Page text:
Foreclosures and Bankruptcies Won’t Crash the Housing Market
Have you been following the Kansas City news and seen recent articles about increased foreclosures and bankruptcies? For those considering buying or selling a house, this can create a sense of unease. However, current data confirms that even with these rising numbers, you shouldn't fear a KC housing market crisis.
Foreclosure Activity Is Rising, But Less Than Headlines Suggest
The number of foreclosures has been very low in recent years. This is because the forbearance program and other relief options were implemented in 2020 and 2021. This aid helped numerous homeowners stay in their homes during a difficult period. The end of this moratorium brought an expected rise in foreclosures. However, this increase doesn’t mean the Kansas City housing market is in trouble.
Since the housing crash in 2008, things have shifted significantly. Check out the graph below to see just how much has changed. Using research from ATTOM, a property data provider, this graph looks at properties with a foreclosure filing going back to 2005 to demonstrate that there have been fewer foreclosures since the crash.
This data reveals that foreclosure filings are slowly climbing back up to pre-pandemic numbers, but still much lower than in the 2008 crash. Kansas City homeowners currently have a tremendous amount of equity in their homes that can help them sell and avoid foreclosure.
The Increase in Bankruptcies Isn’t Dramatic
The graph below shows that though many industries and small businesses experienced financial hardship during the pandemic, there was not a significant increase in bankruptcies.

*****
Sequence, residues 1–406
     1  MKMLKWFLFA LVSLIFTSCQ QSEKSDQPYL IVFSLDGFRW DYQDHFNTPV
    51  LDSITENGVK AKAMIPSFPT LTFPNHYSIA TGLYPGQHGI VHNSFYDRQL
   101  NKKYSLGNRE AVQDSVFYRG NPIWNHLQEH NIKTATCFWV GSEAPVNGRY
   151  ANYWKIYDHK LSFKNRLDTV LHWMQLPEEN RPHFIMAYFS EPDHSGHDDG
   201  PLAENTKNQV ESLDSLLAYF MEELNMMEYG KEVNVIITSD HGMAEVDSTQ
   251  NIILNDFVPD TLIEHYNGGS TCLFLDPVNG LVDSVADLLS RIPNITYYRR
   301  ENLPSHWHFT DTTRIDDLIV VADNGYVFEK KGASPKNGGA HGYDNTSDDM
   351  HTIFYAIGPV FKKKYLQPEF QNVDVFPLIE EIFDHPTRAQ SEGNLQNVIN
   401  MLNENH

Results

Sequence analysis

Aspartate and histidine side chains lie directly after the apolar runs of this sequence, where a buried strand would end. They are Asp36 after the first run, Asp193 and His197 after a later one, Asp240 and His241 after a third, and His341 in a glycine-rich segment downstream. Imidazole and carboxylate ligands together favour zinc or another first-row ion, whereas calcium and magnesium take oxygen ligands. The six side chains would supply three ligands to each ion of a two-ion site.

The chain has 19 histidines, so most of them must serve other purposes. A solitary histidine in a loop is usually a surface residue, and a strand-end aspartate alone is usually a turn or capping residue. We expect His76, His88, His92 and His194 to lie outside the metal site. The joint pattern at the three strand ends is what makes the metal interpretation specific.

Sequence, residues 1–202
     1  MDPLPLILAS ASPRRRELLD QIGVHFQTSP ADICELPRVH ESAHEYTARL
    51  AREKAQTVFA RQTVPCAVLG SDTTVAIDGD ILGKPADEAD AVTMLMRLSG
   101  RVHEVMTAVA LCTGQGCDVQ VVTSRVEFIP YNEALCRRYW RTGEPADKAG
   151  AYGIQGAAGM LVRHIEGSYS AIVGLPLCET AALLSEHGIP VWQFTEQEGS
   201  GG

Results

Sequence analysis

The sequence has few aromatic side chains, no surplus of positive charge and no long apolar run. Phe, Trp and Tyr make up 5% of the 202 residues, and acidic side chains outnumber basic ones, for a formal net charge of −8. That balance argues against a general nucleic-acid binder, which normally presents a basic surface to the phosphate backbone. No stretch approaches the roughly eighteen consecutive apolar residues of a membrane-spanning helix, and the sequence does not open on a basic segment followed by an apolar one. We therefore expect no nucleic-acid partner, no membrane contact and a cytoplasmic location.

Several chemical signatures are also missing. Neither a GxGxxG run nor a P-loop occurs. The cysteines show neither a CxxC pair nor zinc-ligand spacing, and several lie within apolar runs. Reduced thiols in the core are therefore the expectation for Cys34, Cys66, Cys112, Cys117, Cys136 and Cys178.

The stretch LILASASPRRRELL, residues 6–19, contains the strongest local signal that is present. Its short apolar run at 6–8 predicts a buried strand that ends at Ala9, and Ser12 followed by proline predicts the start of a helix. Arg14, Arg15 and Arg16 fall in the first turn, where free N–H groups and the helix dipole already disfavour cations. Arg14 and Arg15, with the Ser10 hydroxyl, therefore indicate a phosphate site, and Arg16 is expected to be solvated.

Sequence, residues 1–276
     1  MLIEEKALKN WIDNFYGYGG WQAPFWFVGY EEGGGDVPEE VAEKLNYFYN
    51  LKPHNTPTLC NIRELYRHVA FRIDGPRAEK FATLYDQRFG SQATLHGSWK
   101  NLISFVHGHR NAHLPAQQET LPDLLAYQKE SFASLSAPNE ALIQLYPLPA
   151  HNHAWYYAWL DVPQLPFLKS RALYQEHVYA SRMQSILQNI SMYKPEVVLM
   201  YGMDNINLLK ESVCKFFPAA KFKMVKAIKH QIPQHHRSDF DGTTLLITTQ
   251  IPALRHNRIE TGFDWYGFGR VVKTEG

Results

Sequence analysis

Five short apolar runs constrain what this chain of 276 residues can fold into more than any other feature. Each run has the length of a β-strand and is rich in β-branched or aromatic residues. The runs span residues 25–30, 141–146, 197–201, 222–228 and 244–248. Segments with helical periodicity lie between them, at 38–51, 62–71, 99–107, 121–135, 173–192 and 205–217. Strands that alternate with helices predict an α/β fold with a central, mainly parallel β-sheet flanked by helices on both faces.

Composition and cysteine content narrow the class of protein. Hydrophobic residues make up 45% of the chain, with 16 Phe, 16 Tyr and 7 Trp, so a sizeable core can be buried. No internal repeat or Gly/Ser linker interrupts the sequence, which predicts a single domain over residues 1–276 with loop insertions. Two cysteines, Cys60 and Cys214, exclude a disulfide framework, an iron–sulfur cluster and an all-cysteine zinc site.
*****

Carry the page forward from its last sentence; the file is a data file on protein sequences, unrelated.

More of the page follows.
While the number of bankruptcies has risen slightly since last year, nearly returning to 2021 levels, this increase is not cause for alarm. Why? The numbers for 2021 and 2022 were lower than typical years, mainly due to the trillions of dollars in aid the government provided to individuals and businesses during the pandemic.
If the past few years haven't been typical, how do you get a truthful picture of the current housing situation? Let's look at the graph above again and focus on the bar for this year compared to the bar on the far left (2019). This direct comparison shows that the number of bankruptcies today is still nowhere near where it was before the pandemic. These two factors are a big part of why the Kansas City housing market isn’t in danger of crashing.
Whether you are looking to buy or sell a house, it’s essential to understand the current Kansas City housing data. While foreclosures and bankruptcies are rising, it's important to put this data in context to typical years to realize that these leading indicators aren’t signaling another crash. If you're considering moving, the Just Say Home Team has the expertise and skill to bring clarity and set your mind at ease.